UNECE is a driving force in combating climate change in the pan-European region and beyond. The region has a crucial role in contributing to the local and regional success of UNFCCC, as was noted by UNECE member States at the "Sixth Ministerial Conference "Environment for Europe" (Belgrade, 10–12 October 2007)".
UNECE has spearheaded the region’s efforts to achieve the targets of United Nations Millennium Development Goals, especially MDG 7, which aims to integrate the principles of sustainable development into country policies and programmes and to reverse the losses of environmental resources.
Since 1992, when the international community negotiated the United Nations Framework Convention on Climate Change (UNFCCC) at the United Nations Conference on Environment and Development, the region has led the global effort to reduce greenhouse gas emissions. Fifty-four of the 56 member States of UNECE are Parties to the Convention. The Kyoto Protocol, which entered into force in 2005, to which two-thirds of UNECE member States are contracting Parties, commits advanced countries to the binding emissions reductions targets it established for the period 2008–2012. Negotiations are currently ongoing for the international climate regime post-2012.
In addition to the international agreements, many initiatives have been adopted across the region, such as the Emission Trading System in the European Union and the Regional Greenhouse Gas Initiative in North America.
Climate change is a cross-cutting topic in UNECE’s work. At its 63rd Session in 2009, the Economic Commission for Europe discussed the ongoing work of UNECE in climate change mitigation and adaptation, and more recently the 64th Session was dedicated to promote the cooperation and integration of transport, trade and energy networks across the region to achieve sustainable development.
UNECE’s Regional Coordination Mechanism recently created a thematic working group on climate change to design a regional action plan for climate change adaptation and mitigation.
Areas of work
UNECE's climate change mitigation and adaptation work targets many areas that can achieve large greenhouse gas reductions. Its activities also address many of the major projected climatic impacts that will be felt across the region, such as water shortages.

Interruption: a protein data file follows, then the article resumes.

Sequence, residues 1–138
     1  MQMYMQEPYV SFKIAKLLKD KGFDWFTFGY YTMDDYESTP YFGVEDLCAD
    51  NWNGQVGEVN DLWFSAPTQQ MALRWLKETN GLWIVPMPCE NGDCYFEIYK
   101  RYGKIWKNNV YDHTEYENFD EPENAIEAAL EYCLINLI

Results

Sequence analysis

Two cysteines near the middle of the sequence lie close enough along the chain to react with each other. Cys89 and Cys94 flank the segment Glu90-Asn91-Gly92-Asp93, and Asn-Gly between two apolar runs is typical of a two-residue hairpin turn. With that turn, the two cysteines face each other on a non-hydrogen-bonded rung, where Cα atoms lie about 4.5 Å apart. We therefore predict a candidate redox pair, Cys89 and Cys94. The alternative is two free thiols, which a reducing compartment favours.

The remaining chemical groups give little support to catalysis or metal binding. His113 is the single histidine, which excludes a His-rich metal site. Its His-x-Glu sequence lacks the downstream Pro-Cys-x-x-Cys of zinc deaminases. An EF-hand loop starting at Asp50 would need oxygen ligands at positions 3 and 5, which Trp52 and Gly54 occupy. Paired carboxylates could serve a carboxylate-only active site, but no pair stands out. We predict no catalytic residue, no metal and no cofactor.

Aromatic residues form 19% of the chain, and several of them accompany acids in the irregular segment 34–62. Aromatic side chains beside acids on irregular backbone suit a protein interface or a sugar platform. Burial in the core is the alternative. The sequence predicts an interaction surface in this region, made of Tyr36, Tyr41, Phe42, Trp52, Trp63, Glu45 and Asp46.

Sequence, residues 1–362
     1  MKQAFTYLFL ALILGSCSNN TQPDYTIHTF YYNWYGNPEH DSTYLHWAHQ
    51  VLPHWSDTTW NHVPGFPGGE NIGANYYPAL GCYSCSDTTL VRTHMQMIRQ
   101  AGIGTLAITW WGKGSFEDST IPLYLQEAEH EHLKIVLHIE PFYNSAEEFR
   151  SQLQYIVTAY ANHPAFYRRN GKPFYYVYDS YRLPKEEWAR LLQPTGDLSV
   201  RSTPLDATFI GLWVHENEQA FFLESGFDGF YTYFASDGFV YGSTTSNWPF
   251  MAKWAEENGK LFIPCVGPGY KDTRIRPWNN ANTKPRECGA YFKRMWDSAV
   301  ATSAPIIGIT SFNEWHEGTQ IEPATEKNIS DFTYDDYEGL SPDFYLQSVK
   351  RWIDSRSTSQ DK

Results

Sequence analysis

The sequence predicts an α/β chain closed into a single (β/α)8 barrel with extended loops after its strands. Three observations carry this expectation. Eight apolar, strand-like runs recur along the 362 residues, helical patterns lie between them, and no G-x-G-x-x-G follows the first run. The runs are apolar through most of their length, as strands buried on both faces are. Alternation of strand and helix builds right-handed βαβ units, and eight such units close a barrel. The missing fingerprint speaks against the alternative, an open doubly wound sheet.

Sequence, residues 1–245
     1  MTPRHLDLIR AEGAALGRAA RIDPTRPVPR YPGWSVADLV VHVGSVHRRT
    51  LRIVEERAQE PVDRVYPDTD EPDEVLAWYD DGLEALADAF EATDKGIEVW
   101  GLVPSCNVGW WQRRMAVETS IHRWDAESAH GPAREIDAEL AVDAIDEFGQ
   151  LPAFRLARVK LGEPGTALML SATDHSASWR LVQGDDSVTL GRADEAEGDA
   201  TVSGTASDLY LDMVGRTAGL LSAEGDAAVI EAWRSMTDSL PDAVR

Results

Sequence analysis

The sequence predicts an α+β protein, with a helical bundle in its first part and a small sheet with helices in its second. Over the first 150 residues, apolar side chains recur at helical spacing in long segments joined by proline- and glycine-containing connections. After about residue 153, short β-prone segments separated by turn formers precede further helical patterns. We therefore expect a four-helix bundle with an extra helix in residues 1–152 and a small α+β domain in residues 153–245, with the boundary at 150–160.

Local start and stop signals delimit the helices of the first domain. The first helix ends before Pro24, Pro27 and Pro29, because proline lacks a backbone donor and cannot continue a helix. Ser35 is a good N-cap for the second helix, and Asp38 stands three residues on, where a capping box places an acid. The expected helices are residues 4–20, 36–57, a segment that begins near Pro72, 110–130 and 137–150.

UNECE encourages the ratification and implementation of its multilateral environmental agreements (MEAs), which contribute to climate change mitigation and adaptation, including:
- The Convention on Long-range Transboundary Air Pollution has contributed to a significant decrease in air pollution levels over the past three decades in the region and is now extending its work to new issues such as black carbon. Discussions in the Convention’s bodies have drawn attention to the strong links between air pollutants and GHG emissions and have highlighted specific instances where integration of strategies is needed.
- The Convention on the Protection and Use of Transboundary Watercourses and International Lakes is an important legal framework for the development of water adaptation strategies, in particular in the transboundary context. It has developed a Guidance on Water and Adaptation to Climate Change.
- The Convention on Environmental Impact Assessment in a Transboundary Context sets out the obligation to assess the environmental impact of certain activities, as well as to notify and consult each other on all major projects under consideration that are likely to have a significant environmental impact across boundaries. The Convention’s Protocol on Strategic Environment Assessment (SEA), which ensures that Parties integrate consideration of the environment into their plans and programmes at a very early planning stage, can be used to introduce climate change considerations into development planning.
- The UNECE Convention on Access to Information, Public Participation in Decision-making and Access to Justice in Environmental Matters (Aarhus Convention), is the only legally binding instrument so far to implement principle 10 of the Rio Declaration on Environment and Development. Environmental information can help to raise awareness about climate change issues and to strengthen synergies between mitigation and adaptation needs. Public participation in this process ensures that social values and trade-offs are represented in political decisions on climate-related issues. Its Protocol on Pollutant Release and Transfer Registers provides for the collection and dissemination of information on emissions of GHGs and other toxic or hazardous substances from industrial facilities.
The Environmental Performance Reviews conducted by UNECE, in line with the peer review mechanism methodology also used by the OECD, contribute to the assessment of individual countries’ efforts to bring down pollution levels and better manage their natural resources.